13. Fear of Losing Child Custody: The batterer has used the threat of obtaining custody to exact agreements to their liking.
  14. Financial Abuse: Financial abuse can take many different forms depending on the couple’s socio-economic status—ex. If victims have been forced to sign false tax returns or take part in other unlawful financial transactions.
  15. Financial Despair: The victim realizes that they cannot provide for themselves or their children without the batterer’s assistance.
  16. Gratitude: The victim feels gratitude toward the batterer because the batterer has helped support and raise their children from a previous relationship, or take care of them if they have health, medical or other problems.
  17. Guilt: Batterers have convinced victims that the violence is happening because it’s their fault.
  18. Homelessness: Homeless abuse victims face increased danger, as they must find ways of meeting basic survival needs of shelter, food, and clothing while attempting to elude their batterers.
  19. Hope for the Violence to Cease: This hope is typically fueled by the batterer’s promises of change, pleas from the children, or family’s advice to save the relationship.
  20. Isolation: The victim has been cut off from family, friends and colleagues and lacks a support system or people to stay with.
  21. Keeping the Family Together: Victims believe it is in their children’s best interest to have their father or a male role model in the family.
  22. Illiterate Victims: Illiterate victims may be forced to rely on the literate batterer for everyday survival.
  23. Incarcerated or Newly Released Abuse Victims: Such victims often don’t have support systems to assist them with re-entry to the community. Parole officers may require that they return home if that appears to be a stable environment.
  24. Law Enforcement Officer: If the perpetrator is a law enforcement officer, the victim may fear that other officers will refuse to assist or believe them if they come forward.
  25. Lesbian and Gay Victims: Victims may feel silenced if disclosing their sexual orientation (to qualify for a protective order) could result in losing their job, family, and home.
  26. Low Self-Esteem: Victims may believe they deserve no better than the abuse they receive.
  27. Love: Since many batterers are initially charming, victims fall in love and may have difficulty altering their feelings with the first sign of a problem.
  28. Mediation: Mediation can put the victim in the dangerous position of incurring the batterer’s wrath for disclosing the extent of the violence.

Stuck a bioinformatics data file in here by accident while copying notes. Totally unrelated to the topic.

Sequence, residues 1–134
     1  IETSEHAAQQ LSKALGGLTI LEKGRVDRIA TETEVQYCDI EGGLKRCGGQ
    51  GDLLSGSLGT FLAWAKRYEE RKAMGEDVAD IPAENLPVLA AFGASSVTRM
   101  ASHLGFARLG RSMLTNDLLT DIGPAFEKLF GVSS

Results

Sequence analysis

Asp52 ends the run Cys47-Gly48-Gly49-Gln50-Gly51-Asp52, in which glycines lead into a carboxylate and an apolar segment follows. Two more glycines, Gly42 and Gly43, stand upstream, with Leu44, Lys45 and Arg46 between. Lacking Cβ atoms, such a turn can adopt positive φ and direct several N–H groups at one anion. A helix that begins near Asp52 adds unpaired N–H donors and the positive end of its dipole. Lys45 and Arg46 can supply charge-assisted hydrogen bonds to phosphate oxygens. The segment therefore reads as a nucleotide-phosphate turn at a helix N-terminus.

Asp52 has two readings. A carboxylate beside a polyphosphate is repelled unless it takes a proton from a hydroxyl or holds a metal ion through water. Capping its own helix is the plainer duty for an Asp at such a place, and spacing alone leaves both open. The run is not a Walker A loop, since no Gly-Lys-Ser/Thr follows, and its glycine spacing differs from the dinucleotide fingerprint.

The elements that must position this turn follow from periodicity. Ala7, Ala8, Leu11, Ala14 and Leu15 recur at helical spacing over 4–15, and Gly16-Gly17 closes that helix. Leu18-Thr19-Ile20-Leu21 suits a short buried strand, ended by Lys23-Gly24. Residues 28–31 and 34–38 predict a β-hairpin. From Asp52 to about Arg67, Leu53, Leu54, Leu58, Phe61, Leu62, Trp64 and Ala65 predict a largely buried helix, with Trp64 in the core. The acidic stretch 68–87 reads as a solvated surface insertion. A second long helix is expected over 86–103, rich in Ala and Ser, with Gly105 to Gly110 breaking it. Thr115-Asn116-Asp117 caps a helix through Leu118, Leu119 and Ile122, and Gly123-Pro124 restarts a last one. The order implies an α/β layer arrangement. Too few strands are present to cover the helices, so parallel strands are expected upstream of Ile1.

29. Medical Problems: The victim must stay with the batterer to obtain medical services, especially if they share insurance.
  30. Mentally Ill Victims: Victims face negative societal stereotypes in addition to the batterer’s taunts that the victim is crazy and nobody will believe anything that they say.
  31. Mentally or Developmentally Challenged Victims: These victims are particularly vulnerable to the batterer’s manipulation and are likely to be dependent on the batterer for basic survival.
  32. Military: If the victim or the perpetrator is in the military, an effective intervention is largely dependent on the commander’s response. Many commanders believe that it is more important to salvage the soldier’s military career than to ensure the victim’s safety.
  33. No Place to Go: Victims can’t find affordable housing or there is no shelter space.
  34. No Job Skills: Victims without job skills usually have no choice but to work for employers paying minimum wage, with few, if any, medical and other benefits.
  35. No Knowledge of Options: Victims without knowledge of the options and resources logically assume that none exist.
  36. Past Criminal Record: Victims with a past criminal record are often still on probation or parole, making them vulnerable to the batterer’s threats to comply with all of their demands or be sent back to prison.
  37. Previously Abused Victims: Sometimes previously abused victims believe the batterer’s accusation, “See, this is what you drive your partners to do to you!”
  38. Prior Negative Court Experiences: Victims don’t believe that they will be given the respect and safety considerations that they need in court.
  39. Promises of Change: The batterer’s promises of change may be easy to believe because they sound sincere. Victims are socialized to be forgiving.